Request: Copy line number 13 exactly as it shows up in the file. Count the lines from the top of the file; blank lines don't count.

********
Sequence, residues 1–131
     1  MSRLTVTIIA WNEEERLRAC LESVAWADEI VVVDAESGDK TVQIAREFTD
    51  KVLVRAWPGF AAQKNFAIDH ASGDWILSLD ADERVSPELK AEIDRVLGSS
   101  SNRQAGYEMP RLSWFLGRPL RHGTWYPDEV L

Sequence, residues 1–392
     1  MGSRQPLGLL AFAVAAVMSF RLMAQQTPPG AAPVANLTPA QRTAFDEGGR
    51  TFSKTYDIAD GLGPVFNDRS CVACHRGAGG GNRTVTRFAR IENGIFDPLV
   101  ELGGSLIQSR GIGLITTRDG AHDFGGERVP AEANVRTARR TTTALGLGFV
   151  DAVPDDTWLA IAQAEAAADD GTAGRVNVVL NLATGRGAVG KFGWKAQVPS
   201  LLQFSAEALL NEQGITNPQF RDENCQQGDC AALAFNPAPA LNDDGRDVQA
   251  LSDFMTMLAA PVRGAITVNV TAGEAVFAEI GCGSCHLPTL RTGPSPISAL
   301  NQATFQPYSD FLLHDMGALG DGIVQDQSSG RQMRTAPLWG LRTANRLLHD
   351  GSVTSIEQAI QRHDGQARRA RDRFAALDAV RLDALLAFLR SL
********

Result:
   351  GSVTSIEQAI QRHDGQARRA RDRFAALDAV RLDALLAFLR SL